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Equity Plans and the Tax Man Part II

Last month I wrote about the increasing practice of tax regimes around the world looking for new sources of revenue. Well, following on that theme, there was a very interesting article in today’s Wall Street Journal describing how the Lithuanian government has found a somewhat novel way to collect additional tax revenues – via Google Street View.

 

Tax-on-Equity-Plans

As the tile of the article implies – “In Lithuania, the Tax Man Cometh Right After the Google Car Passeth” – The Lithuanian taxing authorities have realized it is relatively easy to compare the Google street views of homes and edifices that recently may have been built to the tax records for any given address. In this way, they have used a free technology to very cost-effectively go after potential sources of unclaimed wealth.

Whilst this doesn’t relate directly to equity compensation, I think we will see very shortly the day when other new technologies will be leveraged by taxing authorities to target previously overlooked sources of revenue. In particular, with the overwhelming majority of citizens in developed countries carrying some sort of smart phone, it is only a matter of time before taxing authorities will develop a methodology to track or audit mobile employees’ business travel and try to leverage that data to determine trailing tax liabilities over the vesting period of an award.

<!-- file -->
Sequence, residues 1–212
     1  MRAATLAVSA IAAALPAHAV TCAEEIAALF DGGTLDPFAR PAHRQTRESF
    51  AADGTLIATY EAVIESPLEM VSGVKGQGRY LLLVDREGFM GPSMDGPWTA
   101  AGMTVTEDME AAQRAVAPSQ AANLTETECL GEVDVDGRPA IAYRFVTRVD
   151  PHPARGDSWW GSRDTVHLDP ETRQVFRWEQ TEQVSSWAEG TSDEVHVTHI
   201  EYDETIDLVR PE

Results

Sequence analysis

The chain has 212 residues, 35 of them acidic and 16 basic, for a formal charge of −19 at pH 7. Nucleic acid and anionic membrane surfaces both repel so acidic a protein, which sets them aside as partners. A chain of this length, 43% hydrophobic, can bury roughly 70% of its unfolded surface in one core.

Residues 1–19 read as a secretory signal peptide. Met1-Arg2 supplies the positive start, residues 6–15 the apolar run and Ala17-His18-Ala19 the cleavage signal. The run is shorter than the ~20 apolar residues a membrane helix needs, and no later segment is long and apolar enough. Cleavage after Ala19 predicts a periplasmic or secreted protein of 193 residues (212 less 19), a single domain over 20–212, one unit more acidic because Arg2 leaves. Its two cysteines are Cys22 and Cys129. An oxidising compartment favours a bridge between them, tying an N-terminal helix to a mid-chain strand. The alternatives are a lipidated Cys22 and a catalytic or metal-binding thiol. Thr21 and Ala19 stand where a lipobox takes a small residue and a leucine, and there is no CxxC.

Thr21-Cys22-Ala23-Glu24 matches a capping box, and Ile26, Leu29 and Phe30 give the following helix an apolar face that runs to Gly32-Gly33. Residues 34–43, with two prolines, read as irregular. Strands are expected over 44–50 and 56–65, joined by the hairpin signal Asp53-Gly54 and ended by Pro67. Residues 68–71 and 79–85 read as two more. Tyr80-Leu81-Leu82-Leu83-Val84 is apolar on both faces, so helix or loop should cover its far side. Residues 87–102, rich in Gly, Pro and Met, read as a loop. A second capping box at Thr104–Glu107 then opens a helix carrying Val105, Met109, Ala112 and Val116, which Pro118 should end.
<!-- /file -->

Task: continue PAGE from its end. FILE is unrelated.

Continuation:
Interestingly, this will not only be limited to international travel and employee assignments – US State taxing authorities are similarly placing greater scrutiny on the Stats-to-State business travel of senior executives, and will likely begin to require a detailed accounting of business travel to try to exact their representative share of the tax pie due upon the vesting of large awards.

As the example from my ancestral homeland (Lithuania) has demonstrated, even governments and tax bureaucracies will eventually find ways to leverage technology to make their collection and enforcement activities that much more efficacious. In some respects, this makes me yearn for a simpler time before smart phones and GPS tracking, but with almost any advance in technology, it is impossible to try to “put the genie back in the bottle” – we just need to remember that “big brother” is always watching, and to keep trying to develop reporting and tracking processes to stay one step ahead of the tax man when managing our global equity award plans.

John Bagdonas

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